Irregular Sloword BirthMonth Festival
Featured Guest - Suresh Chandrasekaran
After working for sixteen years, Suresh parted ways with his employer to their mutual satisfaction; what the management guys love to call a win-win situation. He was happy to quit because his employer held the illusion that he was there to work. His employer felt that he was under the illusion that he was lounging in his living room while he was in their office and were probably happy to see him go. From then on, he has been trekking, traveling and writing…sporadically, all of them, for what is the point in retiring if he cannot indulge in his favourite activity – lounging in his living room reading books?
He has managed, though, to keep blogging regularly at Life is Like This and, ever since it was listed in the ‘Top 100 funny blogs’ in a world-wide listing by Feedspot, he has been suffering from delusions of humour. Sufficiently to dedicate a Facebook page for the blog.
The only use to which he put his management education was to write a satire on management, specifically marketing management – A dog eat dog-food world. To his surprise, people said that it could well serve as a primer for marketing management though, thankfully, they also admitted (perhaps under duress) that it was funny AND a satire.
Retirement suits him for he never did manage to understand why life should have a purpose. Other than to live.
Check out the links at right to buy his book and see more of his work.
The magic of retirement
Marriage, they say, is a laddoo which causes regret to both the one who eats it and the one who refrains from eating it. The one who marries looks back on the carefree days pre-marriage with regret for their being gone; the one who refrains longs for the perceived joys that he is missing out on by not marrying. Or so, I suppose, people thought it would work. Marriage, though, is not the only thing which works that way.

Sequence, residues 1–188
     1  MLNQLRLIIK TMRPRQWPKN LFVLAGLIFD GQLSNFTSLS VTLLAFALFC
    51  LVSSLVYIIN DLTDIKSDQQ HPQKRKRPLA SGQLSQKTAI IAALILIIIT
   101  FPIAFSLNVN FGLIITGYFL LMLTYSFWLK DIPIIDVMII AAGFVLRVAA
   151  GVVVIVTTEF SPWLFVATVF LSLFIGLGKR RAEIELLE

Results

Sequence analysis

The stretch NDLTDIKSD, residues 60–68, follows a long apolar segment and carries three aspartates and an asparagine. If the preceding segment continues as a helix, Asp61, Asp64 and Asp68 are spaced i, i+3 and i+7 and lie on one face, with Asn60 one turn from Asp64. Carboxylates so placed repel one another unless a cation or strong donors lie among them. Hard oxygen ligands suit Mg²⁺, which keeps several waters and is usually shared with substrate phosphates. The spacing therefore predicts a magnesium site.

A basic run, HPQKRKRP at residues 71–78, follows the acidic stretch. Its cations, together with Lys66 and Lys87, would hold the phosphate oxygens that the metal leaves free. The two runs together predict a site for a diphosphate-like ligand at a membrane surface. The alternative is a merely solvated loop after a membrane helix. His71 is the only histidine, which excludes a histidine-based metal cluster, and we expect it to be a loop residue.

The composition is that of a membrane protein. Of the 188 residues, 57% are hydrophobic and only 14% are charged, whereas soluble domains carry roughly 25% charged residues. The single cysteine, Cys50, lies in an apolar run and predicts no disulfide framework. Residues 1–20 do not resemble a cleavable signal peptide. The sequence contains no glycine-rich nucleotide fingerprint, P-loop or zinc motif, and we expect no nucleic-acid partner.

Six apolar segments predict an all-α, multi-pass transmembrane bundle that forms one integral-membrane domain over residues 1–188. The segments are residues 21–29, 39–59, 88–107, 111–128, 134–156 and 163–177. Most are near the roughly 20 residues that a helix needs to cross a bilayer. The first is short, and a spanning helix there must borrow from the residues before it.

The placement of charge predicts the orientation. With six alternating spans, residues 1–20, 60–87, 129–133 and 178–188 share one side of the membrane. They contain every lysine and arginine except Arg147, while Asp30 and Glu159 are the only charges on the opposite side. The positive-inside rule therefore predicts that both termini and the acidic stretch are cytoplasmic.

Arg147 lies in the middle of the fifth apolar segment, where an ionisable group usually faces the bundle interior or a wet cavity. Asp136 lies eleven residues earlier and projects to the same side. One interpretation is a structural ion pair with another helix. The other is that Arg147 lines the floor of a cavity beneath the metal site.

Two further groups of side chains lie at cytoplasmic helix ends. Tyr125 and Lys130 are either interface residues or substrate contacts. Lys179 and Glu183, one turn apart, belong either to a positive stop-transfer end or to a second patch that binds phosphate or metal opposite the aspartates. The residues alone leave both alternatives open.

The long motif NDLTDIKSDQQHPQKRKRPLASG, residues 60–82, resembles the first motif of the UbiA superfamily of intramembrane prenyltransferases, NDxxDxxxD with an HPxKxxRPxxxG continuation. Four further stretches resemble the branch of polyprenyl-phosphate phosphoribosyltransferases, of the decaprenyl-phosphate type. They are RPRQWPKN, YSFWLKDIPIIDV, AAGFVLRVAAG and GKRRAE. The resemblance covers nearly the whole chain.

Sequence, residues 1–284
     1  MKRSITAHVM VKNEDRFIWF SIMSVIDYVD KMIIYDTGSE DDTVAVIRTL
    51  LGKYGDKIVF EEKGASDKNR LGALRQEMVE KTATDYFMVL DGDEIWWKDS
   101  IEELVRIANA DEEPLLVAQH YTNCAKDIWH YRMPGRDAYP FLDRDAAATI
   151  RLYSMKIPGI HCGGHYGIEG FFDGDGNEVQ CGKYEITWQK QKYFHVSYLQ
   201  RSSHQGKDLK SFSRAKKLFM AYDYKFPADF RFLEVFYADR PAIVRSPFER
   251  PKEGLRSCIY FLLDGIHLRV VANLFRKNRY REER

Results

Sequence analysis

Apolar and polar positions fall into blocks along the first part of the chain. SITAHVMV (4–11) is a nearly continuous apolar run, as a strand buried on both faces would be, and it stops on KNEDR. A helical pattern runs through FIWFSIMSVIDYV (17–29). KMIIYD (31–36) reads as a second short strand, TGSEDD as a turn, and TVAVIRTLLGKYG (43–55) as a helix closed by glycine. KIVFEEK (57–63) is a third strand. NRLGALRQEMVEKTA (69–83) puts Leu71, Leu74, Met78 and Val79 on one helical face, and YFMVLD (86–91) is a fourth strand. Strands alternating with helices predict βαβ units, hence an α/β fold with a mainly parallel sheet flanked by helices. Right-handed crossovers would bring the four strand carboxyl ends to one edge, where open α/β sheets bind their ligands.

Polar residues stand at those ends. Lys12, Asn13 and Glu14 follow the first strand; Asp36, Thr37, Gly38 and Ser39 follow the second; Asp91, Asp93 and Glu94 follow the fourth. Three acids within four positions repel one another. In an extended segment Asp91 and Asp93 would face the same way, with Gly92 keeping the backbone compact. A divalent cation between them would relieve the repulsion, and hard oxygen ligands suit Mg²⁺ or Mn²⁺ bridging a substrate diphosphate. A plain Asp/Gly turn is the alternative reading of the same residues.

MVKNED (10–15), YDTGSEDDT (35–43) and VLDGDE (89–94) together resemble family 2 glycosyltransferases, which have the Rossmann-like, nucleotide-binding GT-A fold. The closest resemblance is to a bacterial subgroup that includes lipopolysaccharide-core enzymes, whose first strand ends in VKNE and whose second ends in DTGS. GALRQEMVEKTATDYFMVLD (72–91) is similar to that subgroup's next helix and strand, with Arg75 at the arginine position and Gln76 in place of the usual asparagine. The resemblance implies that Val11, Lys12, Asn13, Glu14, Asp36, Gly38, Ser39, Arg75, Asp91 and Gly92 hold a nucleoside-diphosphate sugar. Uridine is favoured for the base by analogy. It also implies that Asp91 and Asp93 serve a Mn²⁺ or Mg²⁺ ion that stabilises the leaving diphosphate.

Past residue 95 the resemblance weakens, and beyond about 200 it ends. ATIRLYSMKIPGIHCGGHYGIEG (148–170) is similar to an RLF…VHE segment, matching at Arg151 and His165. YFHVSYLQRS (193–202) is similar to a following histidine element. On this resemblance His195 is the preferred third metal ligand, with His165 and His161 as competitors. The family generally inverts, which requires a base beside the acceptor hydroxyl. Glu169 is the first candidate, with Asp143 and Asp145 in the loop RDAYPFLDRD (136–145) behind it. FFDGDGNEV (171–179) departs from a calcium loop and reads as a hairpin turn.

See what I did there? They call this…hmm, what is that technical term? Ah! Click-bait, that’s what they call it. I do not know why, being of that ilk which ought to be regretting not marrying, but talk of marriage or love draws readers like…err…flies, if you will not be insulted by the term. To be sure, I could have done a better job with the title, called it ‘Of marriage and retirement’ or some such and caused you to come in salivating at the thought that I was going to give you some priceless advice, or heart-warming tales, about how marriage can flourish after retirement. THAT extent of duplicity, I am afraid, is beyond me.
So, why start off with marriage? Because it talks of laddoos which cause regret in both the haves and the have-nots. Which is precisely how it works with retirement as well. He, who is yet to retire, possible longs for the day when he can; he, who has retired, wishes that the day had never come in his life.
It is a comforting feeling, no doubt, to be sure of a hefty addition to the bank balance once a month. The problem, though, is having to work for it. More than the work itself, it is the people who you have to work for or work with who cause you to wish that this phase of life were over. You start counting the days to being free every time
- When your boss tears open a new hole at the nether end of your alimentary canal when you already have a perfectly serviceable one and had not applied for a spare.
- When you are presenting an innovative solution to a problem and all that your audience seems interested in is the colour combination of each slide.